National Geographic Magazine has praised the Philippines’ coral reefs as among the world’s best while calling attention to threats of climate change and destructive fishing practices.
The popular American magazine known for its photojournalism features the Philippines’ colorful and rich underwater biodiversity in the June 2022 issue article written by Kennedy Warne with photographs by David Doubilet and Jennifer Hayes.
“Coral reefs in the Philippines are some of the world’s most vibrant—but in peril. Much of the archipelago’s undersea splendor is protected, but some areas are being stressed by climate change and harmed by destructive fishing practices,” Warne writes in the introduction.
The country’s coral reefs are the richest part of the Coral Triangle located in the western Pacific Ocean, with more than 500 of the over 600 species of corals and 1,800 of the over 2,000 species of reef fish in the marine area found in the Philippine waters.
The NatGeo piece acknowledges the conservation efforts in the country’s reefs and recounts the writer’s amazing encounters with reef inhabitants in world-famous spots such as the Tubbataha Reefs Natural Park and the Apo Island Reef.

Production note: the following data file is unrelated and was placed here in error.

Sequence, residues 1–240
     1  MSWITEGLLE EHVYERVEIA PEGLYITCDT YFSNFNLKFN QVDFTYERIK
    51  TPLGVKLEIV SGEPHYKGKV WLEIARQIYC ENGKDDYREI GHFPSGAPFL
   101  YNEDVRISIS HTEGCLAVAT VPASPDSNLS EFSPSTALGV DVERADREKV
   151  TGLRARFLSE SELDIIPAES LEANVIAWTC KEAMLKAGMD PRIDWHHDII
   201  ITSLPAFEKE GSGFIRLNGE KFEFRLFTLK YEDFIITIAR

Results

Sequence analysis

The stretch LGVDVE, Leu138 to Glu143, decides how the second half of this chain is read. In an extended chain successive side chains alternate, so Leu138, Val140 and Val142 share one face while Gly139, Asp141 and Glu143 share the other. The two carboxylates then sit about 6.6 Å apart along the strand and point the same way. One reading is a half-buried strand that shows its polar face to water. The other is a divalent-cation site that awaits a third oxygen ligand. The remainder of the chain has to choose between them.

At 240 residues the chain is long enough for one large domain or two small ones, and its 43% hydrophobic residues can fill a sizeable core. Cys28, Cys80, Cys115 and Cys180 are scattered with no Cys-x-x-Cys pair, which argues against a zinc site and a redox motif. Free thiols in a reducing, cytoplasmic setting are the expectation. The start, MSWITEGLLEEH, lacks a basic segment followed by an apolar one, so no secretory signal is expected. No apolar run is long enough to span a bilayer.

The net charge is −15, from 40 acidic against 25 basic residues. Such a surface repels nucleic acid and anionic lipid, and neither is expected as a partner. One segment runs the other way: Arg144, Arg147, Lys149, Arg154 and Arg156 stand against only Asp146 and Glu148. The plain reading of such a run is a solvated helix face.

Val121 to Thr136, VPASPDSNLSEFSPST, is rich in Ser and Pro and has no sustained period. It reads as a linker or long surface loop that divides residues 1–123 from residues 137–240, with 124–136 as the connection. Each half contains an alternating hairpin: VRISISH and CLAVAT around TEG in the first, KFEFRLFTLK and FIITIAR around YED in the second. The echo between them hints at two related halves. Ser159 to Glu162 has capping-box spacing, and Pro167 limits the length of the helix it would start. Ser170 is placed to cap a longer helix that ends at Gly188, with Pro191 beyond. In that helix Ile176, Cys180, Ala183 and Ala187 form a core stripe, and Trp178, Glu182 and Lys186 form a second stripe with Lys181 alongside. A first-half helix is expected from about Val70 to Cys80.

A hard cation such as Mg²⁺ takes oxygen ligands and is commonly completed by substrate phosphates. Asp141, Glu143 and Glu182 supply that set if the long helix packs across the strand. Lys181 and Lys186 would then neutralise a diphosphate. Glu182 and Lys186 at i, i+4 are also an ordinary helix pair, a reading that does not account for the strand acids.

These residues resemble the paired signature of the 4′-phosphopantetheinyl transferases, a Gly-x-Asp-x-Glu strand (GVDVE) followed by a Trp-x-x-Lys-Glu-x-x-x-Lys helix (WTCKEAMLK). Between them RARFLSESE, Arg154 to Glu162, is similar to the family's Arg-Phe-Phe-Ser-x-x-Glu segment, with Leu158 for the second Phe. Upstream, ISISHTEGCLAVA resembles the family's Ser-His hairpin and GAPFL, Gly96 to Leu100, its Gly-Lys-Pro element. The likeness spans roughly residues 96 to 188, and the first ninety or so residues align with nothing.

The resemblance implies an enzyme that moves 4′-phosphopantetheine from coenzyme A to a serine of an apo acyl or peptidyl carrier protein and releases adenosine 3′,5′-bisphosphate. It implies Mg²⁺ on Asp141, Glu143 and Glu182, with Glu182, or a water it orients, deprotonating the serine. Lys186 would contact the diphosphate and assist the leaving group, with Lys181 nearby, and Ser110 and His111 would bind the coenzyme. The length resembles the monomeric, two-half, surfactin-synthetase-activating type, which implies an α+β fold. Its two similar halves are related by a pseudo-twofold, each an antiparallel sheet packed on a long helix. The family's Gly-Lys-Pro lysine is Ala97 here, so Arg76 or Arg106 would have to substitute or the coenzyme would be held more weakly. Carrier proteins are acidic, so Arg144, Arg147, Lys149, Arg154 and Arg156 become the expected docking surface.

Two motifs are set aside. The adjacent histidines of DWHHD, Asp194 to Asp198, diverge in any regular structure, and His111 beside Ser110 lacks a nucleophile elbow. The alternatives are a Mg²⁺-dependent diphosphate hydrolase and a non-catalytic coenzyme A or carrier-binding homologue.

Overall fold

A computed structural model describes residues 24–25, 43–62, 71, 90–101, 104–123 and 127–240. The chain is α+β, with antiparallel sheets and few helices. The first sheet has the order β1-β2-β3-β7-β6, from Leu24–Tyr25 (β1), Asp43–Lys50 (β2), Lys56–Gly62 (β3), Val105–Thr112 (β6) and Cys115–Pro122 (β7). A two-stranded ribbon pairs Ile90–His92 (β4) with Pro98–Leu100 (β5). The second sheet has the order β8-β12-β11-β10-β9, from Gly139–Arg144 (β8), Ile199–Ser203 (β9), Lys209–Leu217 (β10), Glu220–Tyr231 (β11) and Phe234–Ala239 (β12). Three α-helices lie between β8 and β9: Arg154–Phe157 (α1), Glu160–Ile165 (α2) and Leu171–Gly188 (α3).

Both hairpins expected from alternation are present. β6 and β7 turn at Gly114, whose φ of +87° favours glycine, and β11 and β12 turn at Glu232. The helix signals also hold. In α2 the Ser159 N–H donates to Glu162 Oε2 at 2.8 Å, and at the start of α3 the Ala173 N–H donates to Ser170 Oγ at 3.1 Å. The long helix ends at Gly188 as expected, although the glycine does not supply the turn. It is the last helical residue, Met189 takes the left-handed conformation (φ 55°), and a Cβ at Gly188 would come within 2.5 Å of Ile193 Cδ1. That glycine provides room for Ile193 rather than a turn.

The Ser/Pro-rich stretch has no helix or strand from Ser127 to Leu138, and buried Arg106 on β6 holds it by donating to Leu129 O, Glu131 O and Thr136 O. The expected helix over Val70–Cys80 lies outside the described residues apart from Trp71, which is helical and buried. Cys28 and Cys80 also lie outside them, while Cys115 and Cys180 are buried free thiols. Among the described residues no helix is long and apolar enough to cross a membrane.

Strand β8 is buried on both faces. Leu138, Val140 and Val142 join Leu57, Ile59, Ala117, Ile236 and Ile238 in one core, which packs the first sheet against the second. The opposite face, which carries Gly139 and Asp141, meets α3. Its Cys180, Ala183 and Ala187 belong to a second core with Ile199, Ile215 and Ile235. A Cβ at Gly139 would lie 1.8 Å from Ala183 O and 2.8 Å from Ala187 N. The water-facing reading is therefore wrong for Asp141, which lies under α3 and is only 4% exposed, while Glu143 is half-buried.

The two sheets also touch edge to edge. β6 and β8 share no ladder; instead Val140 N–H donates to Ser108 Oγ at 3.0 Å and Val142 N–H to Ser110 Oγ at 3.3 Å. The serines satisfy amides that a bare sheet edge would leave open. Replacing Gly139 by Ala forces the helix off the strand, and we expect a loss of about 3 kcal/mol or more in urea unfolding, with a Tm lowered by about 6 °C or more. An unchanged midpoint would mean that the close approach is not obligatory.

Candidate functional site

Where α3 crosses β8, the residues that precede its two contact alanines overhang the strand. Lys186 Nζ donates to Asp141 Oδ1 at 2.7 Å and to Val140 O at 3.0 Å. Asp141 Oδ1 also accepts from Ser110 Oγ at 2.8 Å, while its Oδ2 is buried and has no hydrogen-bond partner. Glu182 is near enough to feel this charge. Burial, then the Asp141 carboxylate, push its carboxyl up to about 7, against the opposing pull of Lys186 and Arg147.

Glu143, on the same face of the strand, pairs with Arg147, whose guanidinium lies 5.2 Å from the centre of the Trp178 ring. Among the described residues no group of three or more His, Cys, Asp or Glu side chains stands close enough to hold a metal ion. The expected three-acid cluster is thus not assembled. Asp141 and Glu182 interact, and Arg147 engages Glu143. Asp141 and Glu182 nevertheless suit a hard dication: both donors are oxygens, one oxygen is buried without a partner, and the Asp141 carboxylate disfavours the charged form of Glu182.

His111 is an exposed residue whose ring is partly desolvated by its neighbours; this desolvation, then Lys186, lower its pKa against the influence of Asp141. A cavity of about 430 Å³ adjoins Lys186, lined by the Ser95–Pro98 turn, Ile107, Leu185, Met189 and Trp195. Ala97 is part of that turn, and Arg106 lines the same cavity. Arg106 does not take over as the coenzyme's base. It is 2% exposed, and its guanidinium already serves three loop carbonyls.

However, the storytelling goes with the recollection of evidence of destruction due to hurricanes, blast fishing, and other forms of illegal fishing, as well as the increasing incidence of coral bleaching due to the rising temperatures.
“The corals around it lie toppled like trees after a hurricane. Among the dead stumps something flashes in the sunlight, and I pick up the bottom of a shattered glass bottle. I have seen bottles like this filled with nitrate fertilizer and topped with a detonator and fuse. Light the fuse, then throw the bottle into the sea. The blast stuns fish or kills them outright, and they float to the surface for fishers to collect.”
Warne recommends a two-pronged approach to address the deterioration of these marine areas: an end to destructive fishing practices and Filipino biologist Angel Alcala’s model for community management of marine protected areas that eases human pressure on marine resources.
“As tourism has flourished, fishers have seen opportunities to switch from catching fish to providing services. In Oslob, a town on the coast of Cebu, few members of the fishers association fish anymore. They earn a handsome living enabling tourists to swim with whale sharks. Near Puerto Galera, on the island of Mindoro, I watched snorkelers being towed out to see giant clams by fishers in small outrigger canoes powered by chain saw and lawn mower engines.”
Find the online version of the NatGeo feature here.
Evidence of flourishing marine environments when human pressure is eased surfaced in Sorsogon and many other areas during the COVID-19 lockdown that kept people at home.
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